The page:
What's dark green, tastes bitter and is one of the most nutrient-dense foods ever? If you didn't answer "kale," you need to get yourself down to the McGill branch of the Burnaby Library on Thursday, Jan. 24 to find out about this "super food" and the wonders it can do for your health.
"Kale-evangelist" Sharon Hanna will be offering information from her book, The Book of Kale, in a one-hour talk starting at 7 p.m.
Most people know they should be eating kale but don't know it can taste good, according to the author.
Her book is a garden-to-kitchen guide on everything from how to organically grow this special cabbage to how to eat it in more than 80 recipes.
After her talk, Hanna will answer questions and sign copies of her book.
Admission is free, but space is limited.
To register, or for more information, visit www. bpl.bc.ca/events/mcgill, call 604-299-8955, or preregister in person at the library.
The McGill library is located at 4595 Albert St.
SFU eyes jet lag
For frequent flyers, sleep cycle interruptions have always been an inevitable problem associated with travel.
But all that may be about to change.
Jay Olson, a researcher in the department of psychology at Simon Fraser University has discovered that adjusting one's exposure to light before taking off in a jet plane can significantly help to avoid drowsiness after landing.
Olson's formula is now available free on his website, www.jetlagrooster. com, and is the subject of a recent article on the blog Scientific American: Mind Matters.
"Most people experience jet lag when travelling across time zones, but with a few simple steps it may be completely preventable," Olson said in a press release. "The hard part is calculating when to seek or avoid light, since these times differ for each person and each trip."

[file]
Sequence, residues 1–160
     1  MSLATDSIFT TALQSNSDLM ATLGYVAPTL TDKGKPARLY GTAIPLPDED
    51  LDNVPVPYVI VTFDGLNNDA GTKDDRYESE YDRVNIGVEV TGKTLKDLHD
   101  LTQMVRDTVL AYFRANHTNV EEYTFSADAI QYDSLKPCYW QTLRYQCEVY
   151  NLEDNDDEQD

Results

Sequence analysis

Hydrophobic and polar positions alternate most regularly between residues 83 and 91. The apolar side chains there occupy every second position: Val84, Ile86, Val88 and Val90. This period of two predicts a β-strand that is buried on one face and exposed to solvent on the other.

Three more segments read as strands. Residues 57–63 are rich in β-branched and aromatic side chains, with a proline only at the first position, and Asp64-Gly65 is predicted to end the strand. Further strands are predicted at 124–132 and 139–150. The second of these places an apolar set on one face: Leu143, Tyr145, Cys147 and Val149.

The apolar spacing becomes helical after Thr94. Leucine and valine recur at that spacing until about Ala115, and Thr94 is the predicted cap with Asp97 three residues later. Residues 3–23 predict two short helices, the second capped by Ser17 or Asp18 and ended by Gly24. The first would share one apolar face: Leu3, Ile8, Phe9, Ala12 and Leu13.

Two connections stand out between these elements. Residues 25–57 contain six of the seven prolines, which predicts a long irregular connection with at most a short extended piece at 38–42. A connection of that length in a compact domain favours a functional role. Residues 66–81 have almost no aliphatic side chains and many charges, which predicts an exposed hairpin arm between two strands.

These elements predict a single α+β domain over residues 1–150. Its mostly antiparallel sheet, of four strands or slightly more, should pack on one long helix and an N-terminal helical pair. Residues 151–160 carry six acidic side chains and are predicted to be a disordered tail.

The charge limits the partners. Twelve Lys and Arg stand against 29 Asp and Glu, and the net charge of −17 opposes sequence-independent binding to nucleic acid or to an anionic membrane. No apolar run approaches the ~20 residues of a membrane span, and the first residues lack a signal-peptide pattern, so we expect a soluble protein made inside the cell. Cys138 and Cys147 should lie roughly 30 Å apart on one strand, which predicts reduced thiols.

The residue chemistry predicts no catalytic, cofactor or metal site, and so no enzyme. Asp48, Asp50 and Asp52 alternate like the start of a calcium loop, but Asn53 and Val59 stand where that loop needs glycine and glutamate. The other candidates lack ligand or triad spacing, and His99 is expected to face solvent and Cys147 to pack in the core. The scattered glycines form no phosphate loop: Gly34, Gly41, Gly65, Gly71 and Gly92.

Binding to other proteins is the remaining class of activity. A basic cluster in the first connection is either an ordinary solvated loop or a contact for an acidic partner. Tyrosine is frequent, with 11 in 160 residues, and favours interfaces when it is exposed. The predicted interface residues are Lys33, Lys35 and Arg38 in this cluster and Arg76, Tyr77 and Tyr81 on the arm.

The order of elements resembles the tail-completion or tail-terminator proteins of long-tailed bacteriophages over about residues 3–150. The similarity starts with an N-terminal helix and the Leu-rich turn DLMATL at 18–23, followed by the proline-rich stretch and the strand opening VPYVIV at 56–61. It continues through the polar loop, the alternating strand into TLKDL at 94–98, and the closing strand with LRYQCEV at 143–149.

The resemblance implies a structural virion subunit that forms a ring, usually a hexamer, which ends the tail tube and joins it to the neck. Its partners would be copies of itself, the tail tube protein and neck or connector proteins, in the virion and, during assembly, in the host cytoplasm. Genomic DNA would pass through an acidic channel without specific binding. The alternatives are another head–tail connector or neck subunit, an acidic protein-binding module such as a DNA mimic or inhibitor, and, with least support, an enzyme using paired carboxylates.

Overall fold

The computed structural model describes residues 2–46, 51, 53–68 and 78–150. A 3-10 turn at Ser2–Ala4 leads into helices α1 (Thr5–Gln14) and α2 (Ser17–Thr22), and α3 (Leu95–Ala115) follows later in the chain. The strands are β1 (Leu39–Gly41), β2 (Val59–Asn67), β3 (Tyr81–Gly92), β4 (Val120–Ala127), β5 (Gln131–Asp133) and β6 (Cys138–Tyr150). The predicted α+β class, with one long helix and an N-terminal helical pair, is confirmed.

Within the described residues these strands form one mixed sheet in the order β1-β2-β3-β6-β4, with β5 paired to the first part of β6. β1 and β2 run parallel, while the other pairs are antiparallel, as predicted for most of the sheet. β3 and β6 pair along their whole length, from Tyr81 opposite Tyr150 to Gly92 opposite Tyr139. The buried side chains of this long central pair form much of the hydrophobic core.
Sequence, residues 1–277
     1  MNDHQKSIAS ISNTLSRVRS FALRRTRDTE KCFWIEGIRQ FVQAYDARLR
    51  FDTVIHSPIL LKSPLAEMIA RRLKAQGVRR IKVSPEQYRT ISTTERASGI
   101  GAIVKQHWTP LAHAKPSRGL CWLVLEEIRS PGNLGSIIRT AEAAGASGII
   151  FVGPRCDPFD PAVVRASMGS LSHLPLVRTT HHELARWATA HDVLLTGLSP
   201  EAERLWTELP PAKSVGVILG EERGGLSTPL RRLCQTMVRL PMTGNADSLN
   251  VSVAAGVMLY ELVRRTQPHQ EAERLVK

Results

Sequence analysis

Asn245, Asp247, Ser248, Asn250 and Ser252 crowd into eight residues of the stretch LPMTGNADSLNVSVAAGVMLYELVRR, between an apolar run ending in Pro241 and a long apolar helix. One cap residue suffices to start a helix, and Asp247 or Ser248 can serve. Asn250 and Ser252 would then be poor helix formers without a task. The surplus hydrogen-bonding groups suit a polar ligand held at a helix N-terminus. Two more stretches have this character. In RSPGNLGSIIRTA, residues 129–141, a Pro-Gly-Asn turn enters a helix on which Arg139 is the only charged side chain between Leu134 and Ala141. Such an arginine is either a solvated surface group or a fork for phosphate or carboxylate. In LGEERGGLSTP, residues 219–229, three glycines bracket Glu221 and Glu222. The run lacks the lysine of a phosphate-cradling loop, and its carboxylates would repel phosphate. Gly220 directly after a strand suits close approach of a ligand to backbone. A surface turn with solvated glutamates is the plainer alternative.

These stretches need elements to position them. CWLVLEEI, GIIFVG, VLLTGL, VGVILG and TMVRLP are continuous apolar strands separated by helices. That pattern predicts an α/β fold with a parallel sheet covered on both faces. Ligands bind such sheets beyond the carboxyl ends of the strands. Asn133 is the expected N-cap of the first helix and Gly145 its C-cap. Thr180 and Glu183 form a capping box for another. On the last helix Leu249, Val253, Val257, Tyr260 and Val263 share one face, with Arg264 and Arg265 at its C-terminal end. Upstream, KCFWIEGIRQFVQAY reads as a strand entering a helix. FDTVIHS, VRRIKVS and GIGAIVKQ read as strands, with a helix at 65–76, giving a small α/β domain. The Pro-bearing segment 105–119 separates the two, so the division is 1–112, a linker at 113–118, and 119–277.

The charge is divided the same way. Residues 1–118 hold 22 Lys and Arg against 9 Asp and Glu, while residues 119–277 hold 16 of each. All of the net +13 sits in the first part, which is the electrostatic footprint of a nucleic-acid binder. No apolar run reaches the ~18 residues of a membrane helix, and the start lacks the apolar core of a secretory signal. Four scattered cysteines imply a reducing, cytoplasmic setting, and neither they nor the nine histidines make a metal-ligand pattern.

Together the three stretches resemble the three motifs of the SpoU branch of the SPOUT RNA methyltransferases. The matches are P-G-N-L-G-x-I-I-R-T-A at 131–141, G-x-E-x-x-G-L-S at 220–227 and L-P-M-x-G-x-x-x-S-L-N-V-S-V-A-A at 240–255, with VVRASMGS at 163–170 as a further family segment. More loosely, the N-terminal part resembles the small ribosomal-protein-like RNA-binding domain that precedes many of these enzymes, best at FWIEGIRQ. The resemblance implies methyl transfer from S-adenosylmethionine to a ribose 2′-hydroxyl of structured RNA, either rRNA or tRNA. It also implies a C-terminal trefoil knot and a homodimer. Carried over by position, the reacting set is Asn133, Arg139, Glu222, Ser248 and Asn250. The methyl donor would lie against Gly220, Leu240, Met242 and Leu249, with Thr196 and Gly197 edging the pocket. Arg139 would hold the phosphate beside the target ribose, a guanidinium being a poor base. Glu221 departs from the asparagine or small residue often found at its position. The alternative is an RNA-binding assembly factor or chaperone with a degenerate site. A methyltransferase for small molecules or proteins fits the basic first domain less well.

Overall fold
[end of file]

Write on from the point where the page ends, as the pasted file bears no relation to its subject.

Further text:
Olson's website does the calculations automatically and they are tailored to individual needs.
After a healthy, satisfying meal, why is it that we just can't resist that double-fudge sundae?
A recent survey by Weight Watchers Canada suggests the reason has everything to do with the way our brains are wired.
In a recent survey, the weight loss group found 52 per cent of Canadians who started a weight-loss regimen in the past year were unsuccessful, citing a lack of willpower as the most common reason for falling off the weight-loss wagon.
Where scientists have in the past focused on homeostatic hunger - hunger signals based on blood sugar levels - the latest research finds "hedonic hunger" - eating for pleasure - also plays a significant role in how much, when, and why we eat.
Have local health-related news you'd like to share or a tip about a health story? Send it reporter Marelle Reid at email@example.com, by fax to 604-444-3460, or by mail to 201A-3430 Brighton Ave., Burnaby, B.C., V5A 3H4.
For more health news, see previous Medical File columns online at www.burn abynow.com.
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